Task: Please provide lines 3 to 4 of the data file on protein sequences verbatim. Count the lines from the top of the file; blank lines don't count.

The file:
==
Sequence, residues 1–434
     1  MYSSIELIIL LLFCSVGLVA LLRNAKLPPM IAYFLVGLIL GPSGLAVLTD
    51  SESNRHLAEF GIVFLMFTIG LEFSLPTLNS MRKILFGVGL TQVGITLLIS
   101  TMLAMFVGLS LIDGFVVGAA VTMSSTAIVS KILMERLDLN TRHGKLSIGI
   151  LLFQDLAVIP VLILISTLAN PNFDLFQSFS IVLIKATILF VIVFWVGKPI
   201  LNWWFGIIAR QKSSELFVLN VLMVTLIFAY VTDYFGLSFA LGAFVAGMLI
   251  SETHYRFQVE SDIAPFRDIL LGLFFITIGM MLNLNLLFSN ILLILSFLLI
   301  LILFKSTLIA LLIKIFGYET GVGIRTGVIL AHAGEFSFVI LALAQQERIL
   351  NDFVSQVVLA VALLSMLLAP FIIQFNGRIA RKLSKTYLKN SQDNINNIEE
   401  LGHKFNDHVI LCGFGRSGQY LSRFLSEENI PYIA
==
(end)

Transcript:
    51  SESNRHLAEF GIVFLMFTIG LEFSLPTLNS MRKILFGVGL TQVGITLLIS
   101  TMLAMFVGLS LIDGFVVGAA VTMSSTAIVS KILMERLDLN TRHGKLSIGI